Thursday, February 11, 2010


In his Sunday sermon on the 7th of February, 2010, Pastor Wayne Kirk asked this general question of the congregation: “What do you think “success” is?” He followed this by asking”: What do you think God thinks it is?”

The first question is by far the easier. It is best described as “a desired or favorable outcome.” The third definition is the “attainment of wealth, favor, or eminence.” I would suggest that each personal definition is as variable as the huge variety of folks who attempt to make a response. As Christians, we have a reliable source of information available in our scriptures to assist in evaluating our progress toward the favorable outcome which we seek. Here the rules (laws?) are plainly stated along with frequent examples of how others have embraced those rules to achieve success. The most important feature of our faith is a clear understanding of just what that favorable outcome might be. I happen to believe it is to emulate Jesus Christ and rise beyond this earth to be with Him. That, would indeed, be a measure of success.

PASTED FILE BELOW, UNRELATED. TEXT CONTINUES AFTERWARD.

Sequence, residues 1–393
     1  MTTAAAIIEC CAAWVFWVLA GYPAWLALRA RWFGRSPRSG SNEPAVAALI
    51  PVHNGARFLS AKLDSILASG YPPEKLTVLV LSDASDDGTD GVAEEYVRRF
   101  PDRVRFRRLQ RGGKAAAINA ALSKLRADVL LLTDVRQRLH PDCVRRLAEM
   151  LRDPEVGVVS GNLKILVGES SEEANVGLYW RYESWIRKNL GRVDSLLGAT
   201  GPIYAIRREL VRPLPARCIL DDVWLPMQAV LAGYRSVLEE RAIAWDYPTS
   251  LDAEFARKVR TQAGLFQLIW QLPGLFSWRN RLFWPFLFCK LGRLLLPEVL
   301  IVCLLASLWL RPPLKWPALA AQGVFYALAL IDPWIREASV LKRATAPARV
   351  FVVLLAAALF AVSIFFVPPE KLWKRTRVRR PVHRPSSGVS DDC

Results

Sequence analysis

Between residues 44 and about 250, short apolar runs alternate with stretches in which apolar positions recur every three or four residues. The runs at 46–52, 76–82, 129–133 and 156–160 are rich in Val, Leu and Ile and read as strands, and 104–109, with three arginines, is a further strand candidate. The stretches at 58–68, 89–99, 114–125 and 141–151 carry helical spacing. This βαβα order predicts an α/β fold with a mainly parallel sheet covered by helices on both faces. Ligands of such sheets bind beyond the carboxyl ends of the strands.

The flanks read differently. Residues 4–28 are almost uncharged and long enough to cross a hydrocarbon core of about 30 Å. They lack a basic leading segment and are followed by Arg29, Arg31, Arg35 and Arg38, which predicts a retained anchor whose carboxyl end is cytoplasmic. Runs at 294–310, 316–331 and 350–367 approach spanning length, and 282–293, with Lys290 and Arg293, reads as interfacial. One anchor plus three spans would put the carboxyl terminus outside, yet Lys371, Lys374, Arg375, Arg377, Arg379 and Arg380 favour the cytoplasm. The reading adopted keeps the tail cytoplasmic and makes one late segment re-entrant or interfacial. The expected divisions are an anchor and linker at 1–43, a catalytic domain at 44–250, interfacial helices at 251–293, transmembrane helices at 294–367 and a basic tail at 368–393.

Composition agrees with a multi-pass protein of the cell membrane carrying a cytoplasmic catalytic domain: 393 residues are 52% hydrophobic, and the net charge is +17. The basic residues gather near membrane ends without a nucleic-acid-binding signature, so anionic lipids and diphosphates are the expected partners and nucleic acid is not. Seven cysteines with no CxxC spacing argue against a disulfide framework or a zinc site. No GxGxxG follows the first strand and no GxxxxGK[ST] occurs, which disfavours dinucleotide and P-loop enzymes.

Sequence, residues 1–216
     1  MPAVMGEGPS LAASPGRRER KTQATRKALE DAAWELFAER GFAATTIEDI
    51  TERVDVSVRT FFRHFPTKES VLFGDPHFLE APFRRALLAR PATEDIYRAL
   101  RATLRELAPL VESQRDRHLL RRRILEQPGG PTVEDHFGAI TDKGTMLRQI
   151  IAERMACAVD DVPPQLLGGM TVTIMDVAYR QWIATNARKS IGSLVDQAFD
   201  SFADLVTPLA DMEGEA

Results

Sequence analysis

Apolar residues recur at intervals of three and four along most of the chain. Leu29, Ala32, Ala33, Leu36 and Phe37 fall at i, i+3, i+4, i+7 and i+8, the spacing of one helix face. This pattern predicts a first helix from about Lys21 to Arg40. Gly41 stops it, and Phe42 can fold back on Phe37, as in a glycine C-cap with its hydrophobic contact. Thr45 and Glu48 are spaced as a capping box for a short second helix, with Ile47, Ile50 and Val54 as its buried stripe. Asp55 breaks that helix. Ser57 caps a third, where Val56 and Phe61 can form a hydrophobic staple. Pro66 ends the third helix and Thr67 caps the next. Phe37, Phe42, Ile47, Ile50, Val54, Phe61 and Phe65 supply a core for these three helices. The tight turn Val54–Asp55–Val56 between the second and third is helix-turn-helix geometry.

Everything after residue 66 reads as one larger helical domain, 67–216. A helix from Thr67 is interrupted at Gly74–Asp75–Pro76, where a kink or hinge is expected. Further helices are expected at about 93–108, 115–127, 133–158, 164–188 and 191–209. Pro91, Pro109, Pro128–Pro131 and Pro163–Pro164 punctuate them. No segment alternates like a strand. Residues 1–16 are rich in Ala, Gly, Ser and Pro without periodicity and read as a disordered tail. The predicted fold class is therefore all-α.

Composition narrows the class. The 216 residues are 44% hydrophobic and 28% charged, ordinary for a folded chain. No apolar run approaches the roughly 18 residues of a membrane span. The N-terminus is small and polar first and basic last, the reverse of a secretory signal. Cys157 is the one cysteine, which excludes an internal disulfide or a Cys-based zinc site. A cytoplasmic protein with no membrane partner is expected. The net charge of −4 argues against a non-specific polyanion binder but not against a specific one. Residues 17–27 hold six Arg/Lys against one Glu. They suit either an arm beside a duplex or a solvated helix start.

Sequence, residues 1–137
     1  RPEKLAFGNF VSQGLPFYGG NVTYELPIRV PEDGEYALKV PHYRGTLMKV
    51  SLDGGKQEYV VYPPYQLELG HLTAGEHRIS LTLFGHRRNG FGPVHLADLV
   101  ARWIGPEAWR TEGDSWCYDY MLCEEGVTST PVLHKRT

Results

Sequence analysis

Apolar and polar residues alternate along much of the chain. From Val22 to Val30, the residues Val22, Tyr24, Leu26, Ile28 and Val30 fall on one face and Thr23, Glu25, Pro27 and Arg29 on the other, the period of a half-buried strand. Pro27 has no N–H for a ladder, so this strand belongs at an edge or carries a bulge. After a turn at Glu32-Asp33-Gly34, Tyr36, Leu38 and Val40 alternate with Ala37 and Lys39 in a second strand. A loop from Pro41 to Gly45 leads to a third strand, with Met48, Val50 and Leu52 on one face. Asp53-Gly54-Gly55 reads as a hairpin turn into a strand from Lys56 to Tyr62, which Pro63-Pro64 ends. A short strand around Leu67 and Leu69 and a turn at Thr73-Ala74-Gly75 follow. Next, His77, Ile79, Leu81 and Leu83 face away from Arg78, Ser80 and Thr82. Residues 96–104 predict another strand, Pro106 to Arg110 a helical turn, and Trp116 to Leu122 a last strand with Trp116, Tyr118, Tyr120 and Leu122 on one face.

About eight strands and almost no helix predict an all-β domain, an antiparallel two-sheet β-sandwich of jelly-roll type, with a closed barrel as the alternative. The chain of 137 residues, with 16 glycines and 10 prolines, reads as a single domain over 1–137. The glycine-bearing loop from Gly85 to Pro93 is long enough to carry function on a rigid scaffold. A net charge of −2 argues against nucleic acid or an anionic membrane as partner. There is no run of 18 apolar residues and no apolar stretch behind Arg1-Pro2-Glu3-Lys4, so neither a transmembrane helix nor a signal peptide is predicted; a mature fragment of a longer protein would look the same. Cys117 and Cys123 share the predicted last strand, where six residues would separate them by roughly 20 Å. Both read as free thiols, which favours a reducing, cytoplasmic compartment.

We need to note here that the actual use of the word success only occurs on one page of the Bible. In Joshua 1:8 we find the following: “This book of the law shall not depart out of thy mouth; but thou shalt meditate there day and night, that thou mayest observe to do according to all that is written therein; for then thou shalt make thy way prosperous, and then thou shalt have good success.” Given this lone example of the use of the word might lead one to believe that God is not as preoccupied with success in its common usage as his followers. The use of the word by His Son, Jesus Christ is completely absent.

In that single verse, God does make it clear that he sees a relationship between success and “thy way prosperous.” Among other things, to prosper indicates further growth and is not necessarily a synonym for enrichment. To acquire wealth and “eminence” here on earth, although presenting temporary advantage, would seem to be of little use once one enters the heavenly realm. We are taught that we will carry only the memory of our behavior to the next world. Fortunately, God has promised in James that if we have repentance, “he remembers it not.” Thus a man in rags, who keeps the commandments, observes the laws as outlined, declares repentance from his sins and actively seeks the counsel of God will approach the throne as a success. In fact, his very presence there represents the richness of the word.

Once we have cast off our earthly bodies, cares, and possessions, we can go before our Maker with a contrite heart and plead before a righteous Judge for the continuance of our existence with Him. As stated in our Holy Book, our God’s entire thrust for us and the purpose of His son’s sacrifice is to ensure our success.

In His abiding love,

Cecil Moon

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